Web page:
Kindly reposted from The RecruiterGuy aka: Chris Hoyt. For more on Chris and Social Recruiting follow his blog here and @therecruiterguy.

A few months ago I was asked to provide my thoughts on an article being written byJeanne C. Meister and Karie Willyerd in an upcoming edition of People & Strategy.  The title was “Five Myths and Realities When Considering Using Social Media Inside the Company”

As it’s been recently published, I thought I’d push to you those 5 Myths that were presented and my response that followed.  I’d encourage everyone to grab the complete article (linked below) as there were a few others included within the responses that did a great job summarizing their thoughts on the topics.  I wonder where you might come out on the following…

  1. Social media is a time waster at work and should be banned.
  2. Social media is a fad and will fade away in a few years.
  3. If you build it, they will come…
  4. My employee population is too old to deal with social media for learning.
  5. Social Media is difficult to measure in terms of a return on investment.

All great topics and presented nicely by Meister and Willyerd who co-authored the book, “The 2020 Workplace” – a book I’d highly recommend that anyone check out.

Let’s Concentrate on Managing the People

Ms. Meister and Ms. Willyerd write an interesting article with many great points related to the validity of social media taking a somewhat permanent residence within our various working generations. To be clear, however, the definition of “social media” is communication built upon a platform that allows for the contribution and exchange of user-generated content. While Facebook has risen to become a giant among social channels, it certainly does not stand alone when considering the ever-growing need of people to collaborate and communicate on topics ranging from weekend picnics to billion dollar projects.

There are other social communication tools and networks that should not be ignored and are considered social in nature.  In fact, many of them have been around and in use for years.  Tools and platforms like Lotus Notes released in 1989, allow for threaded discussions and the collaboration of any number of projects. Today Lotus Notes offers features very similar to other products, like Microsoft’s SharePoint, that include blogs, Wikis and seamless calendar and e-mail integration and are being rapidly adopted around the globe. These were never deemed “scary” or “time wasters,” because they were typically limited to internal company use and did not include surveys to help you discover what type of Disney Princess or virtual Farmer you might be.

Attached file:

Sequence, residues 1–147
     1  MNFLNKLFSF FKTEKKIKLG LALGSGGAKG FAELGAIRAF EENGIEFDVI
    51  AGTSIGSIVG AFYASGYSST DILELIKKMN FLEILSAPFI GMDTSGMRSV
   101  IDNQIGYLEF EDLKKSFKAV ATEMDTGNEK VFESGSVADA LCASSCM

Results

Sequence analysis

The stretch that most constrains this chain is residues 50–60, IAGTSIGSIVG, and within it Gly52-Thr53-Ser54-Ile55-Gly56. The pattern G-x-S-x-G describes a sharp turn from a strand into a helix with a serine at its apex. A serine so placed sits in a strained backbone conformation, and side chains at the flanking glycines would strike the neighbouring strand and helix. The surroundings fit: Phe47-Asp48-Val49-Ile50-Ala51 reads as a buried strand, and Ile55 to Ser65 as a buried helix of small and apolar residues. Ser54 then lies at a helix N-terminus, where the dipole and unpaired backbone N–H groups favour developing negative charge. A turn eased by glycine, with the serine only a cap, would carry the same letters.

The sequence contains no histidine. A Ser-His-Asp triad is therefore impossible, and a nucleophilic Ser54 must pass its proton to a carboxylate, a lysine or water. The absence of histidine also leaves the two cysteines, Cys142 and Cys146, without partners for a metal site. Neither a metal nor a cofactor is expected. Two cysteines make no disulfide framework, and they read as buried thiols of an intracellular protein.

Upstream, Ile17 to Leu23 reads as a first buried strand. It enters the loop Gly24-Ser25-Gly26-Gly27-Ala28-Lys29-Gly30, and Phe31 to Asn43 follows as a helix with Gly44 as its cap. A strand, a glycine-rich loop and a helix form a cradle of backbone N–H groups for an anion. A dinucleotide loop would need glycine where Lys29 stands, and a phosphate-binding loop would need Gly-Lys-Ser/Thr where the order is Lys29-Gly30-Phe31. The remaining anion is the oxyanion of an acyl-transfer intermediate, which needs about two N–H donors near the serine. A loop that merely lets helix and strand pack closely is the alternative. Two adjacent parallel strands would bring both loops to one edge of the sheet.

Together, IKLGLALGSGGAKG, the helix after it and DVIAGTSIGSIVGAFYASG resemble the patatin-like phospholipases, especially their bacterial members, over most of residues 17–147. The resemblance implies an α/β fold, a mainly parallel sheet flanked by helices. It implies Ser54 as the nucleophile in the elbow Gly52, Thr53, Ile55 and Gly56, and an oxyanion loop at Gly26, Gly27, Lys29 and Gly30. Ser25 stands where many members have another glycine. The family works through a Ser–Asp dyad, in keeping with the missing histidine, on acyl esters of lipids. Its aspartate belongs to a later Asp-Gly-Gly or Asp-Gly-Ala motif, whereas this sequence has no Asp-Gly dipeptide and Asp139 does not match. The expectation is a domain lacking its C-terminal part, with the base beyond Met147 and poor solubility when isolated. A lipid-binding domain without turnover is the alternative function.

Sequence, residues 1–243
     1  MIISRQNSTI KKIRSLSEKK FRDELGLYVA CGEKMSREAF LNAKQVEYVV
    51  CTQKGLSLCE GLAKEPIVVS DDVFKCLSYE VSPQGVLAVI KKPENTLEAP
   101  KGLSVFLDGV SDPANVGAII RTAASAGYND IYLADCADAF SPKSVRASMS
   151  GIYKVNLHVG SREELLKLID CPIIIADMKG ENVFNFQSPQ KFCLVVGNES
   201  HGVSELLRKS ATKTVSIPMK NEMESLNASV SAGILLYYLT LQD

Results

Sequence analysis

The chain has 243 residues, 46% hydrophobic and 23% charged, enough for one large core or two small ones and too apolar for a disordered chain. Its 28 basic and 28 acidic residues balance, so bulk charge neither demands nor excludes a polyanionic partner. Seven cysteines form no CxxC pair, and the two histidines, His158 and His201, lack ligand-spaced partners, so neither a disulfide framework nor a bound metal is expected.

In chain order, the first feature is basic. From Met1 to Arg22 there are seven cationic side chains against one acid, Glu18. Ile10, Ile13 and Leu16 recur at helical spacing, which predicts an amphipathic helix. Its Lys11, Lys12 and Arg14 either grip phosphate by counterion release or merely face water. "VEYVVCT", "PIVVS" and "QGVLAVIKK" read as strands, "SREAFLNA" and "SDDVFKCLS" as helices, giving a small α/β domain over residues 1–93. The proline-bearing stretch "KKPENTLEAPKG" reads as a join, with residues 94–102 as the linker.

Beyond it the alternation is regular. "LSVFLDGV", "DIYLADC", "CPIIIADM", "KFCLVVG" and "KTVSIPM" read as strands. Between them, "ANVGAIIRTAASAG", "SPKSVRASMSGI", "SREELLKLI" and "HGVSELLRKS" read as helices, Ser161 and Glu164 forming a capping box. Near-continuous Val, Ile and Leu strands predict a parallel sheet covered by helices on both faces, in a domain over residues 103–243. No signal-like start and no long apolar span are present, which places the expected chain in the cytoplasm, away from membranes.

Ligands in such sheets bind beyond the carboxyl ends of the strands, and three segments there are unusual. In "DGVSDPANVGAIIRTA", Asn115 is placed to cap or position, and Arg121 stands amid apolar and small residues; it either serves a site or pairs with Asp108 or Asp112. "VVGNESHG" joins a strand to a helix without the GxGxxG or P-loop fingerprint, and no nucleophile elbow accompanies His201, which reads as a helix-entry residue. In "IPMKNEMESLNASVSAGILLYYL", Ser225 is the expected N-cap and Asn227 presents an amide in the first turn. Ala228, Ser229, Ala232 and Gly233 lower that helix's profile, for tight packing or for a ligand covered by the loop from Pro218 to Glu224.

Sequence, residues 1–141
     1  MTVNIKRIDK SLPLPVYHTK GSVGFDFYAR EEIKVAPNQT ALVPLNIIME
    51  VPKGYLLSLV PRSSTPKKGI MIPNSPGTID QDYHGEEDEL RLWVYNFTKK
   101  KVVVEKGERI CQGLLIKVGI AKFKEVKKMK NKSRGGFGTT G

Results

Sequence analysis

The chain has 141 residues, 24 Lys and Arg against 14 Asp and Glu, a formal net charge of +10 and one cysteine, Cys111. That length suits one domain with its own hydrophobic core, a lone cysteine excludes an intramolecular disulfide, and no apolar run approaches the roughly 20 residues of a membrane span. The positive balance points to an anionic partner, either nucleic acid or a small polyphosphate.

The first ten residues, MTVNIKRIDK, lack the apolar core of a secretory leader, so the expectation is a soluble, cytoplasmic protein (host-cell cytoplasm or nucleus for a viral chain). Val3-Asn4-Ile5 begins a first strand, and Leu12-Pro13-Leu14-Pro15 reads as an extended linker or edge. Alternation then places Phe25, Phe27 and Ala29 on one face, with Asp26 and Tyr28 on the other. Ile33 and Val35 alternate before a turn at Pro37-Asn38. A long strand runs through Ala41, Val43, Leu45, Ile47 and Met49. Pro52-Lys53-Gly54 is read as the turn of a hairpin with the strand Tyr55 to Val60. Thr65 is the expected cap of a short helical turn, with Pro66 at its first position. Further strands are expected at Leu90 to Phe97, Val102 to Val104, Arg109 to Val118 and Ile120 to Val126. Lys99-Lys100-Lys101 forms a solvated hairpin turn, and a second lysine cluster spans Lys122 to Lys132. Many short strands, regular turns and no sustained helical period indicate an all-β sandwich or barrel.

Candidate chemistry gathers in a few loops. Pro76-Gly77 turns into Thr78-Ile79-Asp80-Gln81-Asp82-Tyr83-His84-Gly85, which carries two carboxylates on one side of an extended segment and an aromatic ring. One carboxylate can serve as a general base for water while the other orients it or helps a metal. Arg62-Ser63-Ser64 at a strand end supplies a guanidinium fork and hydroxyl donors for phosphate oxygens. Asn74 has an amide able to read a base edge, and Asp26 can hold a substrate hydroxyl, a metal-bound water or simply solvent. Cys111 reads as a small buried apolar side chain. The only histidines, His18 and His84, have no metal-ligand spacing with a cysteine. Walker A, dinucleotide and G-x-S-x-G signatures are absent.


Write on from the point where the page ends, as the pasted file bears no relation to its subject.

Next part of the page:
What is typically a mainstream social network can be surprising as well. Twitter, a micro-blogging service that allows for 140-character updates, rocketed into popularity throughout 2009. And while at a glance Twitter may seem to some as a silly collection of ramblings, many companies are seeing incredible success using it to offer service and/or sales options to their customers. Are employees venting about their noisy cubical neighbors? Sure. But they are also connecting with peers to work on various projects or even using advanced search features to connect with talent within their professions.

And it doesn’t end with Facebook and Twitter. MySpace is still a contender for highly trafficked social sites, and so are more professionally driven social networks like LinkedIn. The broad range of networks isn’t necessarily about niche topics either. We have an almost endless list of sites and forums from which to select because of a growing demand for constant communication in the formats that users desire.

My role at PepsiCo is to push the boundaries related to how recruiters find and engage top talent internally and externally. I get to see the creation and evolution of countless social networks and how they impact people and business. One thing is always constant: No matter the name or the appearance of the network and regardless of its casual or professional adoption rate, ease of use drives its evolution or demise.

I think that…Smart and savvy companies have moved past anxiety over social media and  network phenomenon and have embraced their use for more than just customer interaction.

Incredibly valuable organizations, such as the Social Media Business Council and Word of Mouth Marketing Association, move to help educate (via collaboration!) both large and small companies about social media for business. I’m of the opinion that the companies that adapt the demands of their employees to fit their business needs and that concentrate on managing the people, not restricting the media channels, will see increased productivity, quality and even employee retention in the long term.

Check out the excerpt and complete article here.